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Financial Wellness

How to Avoid Return Fees From Major Retailers

Online shopping has long been a breeze for getting everything from clothes and accessories to electronics and home goods—especially if you can re-pack anything you don't want and send it back at no charge.

This has turned your home into a private dressing room or a place to try things out before fully committing to them. But hold on—things might be changing. Some stores are nixing free returns and slapping on charges for return shipping or restocking fees that eat into your refund.

While not all these fees are new, the number of merchants that charge them has increased. According to logistics company Happy Returns, more than 80% of retailers charge for certain return options.

Here are some popular retailers' online return fees in 2024:

  • Abercrombie: $7
  • Amazon: $1 (for some UPS returns)
  • Anthropologie: $5.95
  • Backcountry: $6.99
  • DSW: $8.50 (free for VIP Gold and VIP Elite members)
  • H&M: $5.99 (free for H&M members)
  • J.Crew: $7.50
  • Macy's: $9.99 (free for Star Rewards members)
  • Nike: Varies by shipper (free for Nike members)
  • REI: $5.99
  • Wayfair: $4.99 or more

Some major retailers, including Gap, Old Navy, Banana Republic, Athleta, Nordstrom, Sephora, and Lululemon, still offer free returns for online purchases. Others, like Williams-Sonoma, require customers to pay for return shipping on some orders.

Retailers Crack Down on Return Abuse

Retailers are stepping up efforts to curb problematic returns.

The Wall Street Journal reports that U.S. retailers employ third-party loss-prevention services to track risky return behavior. While not necessarily fraudulent, this behavior mimics or could be linked to fraudulent activity.

The leading third-party loss-prevention service is The Retail Equation, a software provider that tracks return behavior that retailers deem potentially fraudulent. It generates return scores to shoppers-based retailer-provided data, enabling the software to bypass a store's return policy. This can result in leaving shoppers with denied refunds and a printed notice directing them to The Retail Equation's website for explanations on blocked returns.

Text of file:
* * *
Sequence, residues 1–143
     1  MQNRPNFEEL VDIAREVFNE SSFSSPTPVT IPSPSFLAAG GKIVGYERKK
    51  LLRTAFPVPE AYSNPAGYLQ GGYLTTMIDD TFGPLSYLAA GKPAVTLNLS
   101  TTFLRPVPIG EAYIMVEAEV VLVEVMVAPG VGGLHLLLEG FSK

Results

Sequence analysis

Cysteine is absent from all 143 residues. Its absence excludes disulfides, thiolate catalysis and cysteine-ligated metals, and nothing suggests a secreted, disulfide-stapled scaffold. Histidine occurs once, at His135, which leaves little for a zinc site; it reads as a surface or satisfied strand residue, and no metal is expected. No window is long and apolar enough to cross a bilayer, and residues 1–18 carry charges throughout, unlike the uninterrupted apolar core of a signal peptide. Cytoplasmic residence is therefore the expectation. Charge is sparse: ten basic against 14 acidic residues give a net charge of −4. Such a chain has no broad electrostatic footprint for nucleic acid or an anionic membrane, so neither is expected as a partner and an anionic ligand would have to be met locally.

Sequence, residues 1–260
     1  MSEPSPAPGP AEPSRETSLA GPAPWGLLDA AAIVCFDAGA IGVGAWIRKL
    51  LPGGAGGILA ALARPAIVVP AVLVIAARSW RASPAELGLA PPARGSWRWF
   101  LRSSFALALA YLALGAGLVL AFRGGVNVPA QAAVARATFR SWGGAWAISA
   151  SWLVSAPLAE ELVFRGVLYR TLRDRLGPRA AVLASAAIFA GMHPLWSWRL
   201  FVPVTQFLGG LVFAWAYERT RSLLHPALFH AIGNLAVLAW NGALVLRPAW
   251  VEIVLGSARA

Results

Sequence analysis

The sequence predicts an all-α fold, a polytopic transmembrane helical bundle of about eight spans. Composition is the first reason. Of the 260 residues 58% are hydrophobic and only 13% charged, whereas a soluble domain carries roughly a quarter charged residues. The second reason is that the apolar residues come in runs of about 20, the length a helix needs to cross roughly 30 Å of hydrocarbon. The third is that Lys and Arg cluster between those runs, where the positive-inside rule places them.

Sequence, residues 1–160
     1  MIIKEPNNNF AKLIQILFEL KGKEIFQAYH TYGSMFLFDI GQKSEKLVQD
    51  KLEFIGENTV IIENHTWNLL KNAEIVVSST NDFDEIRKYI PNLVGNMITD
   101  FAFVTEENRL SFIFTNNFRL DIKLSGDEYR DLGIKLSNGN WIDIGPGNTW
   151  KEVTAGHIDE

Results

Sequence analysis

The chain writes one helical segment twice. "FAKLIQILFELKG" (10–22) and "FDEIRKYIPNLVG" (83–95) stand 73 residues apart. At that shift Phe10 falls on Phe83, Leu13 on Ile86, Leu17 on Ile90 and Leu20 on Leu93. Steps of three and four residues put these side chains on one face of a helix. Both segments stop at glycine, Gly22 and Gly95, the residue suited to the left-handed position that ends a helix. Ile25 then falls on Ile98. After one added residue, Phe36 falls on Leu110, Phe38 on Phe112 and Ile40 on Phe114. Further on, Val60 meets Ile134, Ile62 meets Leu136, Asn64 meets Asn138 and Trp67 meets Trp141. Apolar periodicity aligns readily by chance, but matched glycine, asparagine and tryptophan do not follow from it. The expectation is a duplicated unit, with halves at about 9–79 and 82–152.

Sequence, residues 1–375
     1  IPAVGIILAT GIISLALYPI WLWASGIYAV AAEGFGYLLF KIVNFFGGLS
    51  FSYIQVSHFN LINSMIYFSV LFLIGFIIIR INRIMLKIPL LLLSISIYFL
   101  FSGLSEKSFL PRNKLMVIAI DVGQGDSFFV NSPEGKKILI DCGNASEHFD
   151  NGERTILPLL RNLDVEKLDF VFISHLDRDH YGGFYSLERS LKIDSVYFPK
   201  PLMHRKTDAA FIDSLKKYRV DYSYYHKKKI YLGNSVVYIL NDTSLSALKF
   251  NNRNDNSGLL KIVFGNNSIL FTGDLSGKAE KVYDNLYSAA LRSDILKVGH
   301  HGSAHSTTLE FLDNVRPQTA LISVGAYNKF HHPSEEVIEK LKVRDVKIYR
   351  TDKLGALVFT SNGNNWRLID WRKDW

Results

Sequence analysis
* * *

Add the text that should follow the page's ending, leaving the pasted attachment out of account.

Many shoppers, however, are unaware they are being tracked, leaving many feeling blindsided when they get to a return counter and are told they are not getting their money back. Worse still—some face bans from returning products to the store altogether.

Several now-dismissed lawsuits and Better Business Bureau complaints highlight customer claims of adhering to store returns policy yet receiving warnings. Some customers disputed the accuracy of the information found in their report given by The Retail Equation, complaining about a lack of recourse until after their return was rebuffed.

Tips for dodging return fees

The best way to avoid return fees is to minimize the likelihood that you'll need to make returns in the first place.

Plan your purchases wisely. Research items thoroughly before purchasing, read return policies carefully, and resist impulse buying. Avoid buying things simply because they're on sale or just to try if you're unsure you'll keep them. When shopping online, factor return fees into the total cost of your order.

Join retailer loyalty or membership programs. As noted above, many retailers waive return shipping and/or restocking fees for members. In most cases, simply sign in for a free account and log in before making a purchase. Some loyalty programs have additional benefits if you hit certain spending thresholds. You might receive numerous marketing emails in return, but it's a minor inconvenience for the privilege of enjoying free returns and other perks.

Return items in-store. Most retailers that charge for online returns will allow free in-store returns. If there's a brick and mortar near you, bypass the fee by returning your item in person. Amazon accepts returns at Kohl's, Whole Foods, and Amazon Fresh locations.

Resell items. If your return window has passed or the refund you'll receive is significantly offset by the fee (for small-ticket purchases, for example), consider reselling, donating, or regifting the item instead of returning it.

Resources:, Lifehacker, News Nation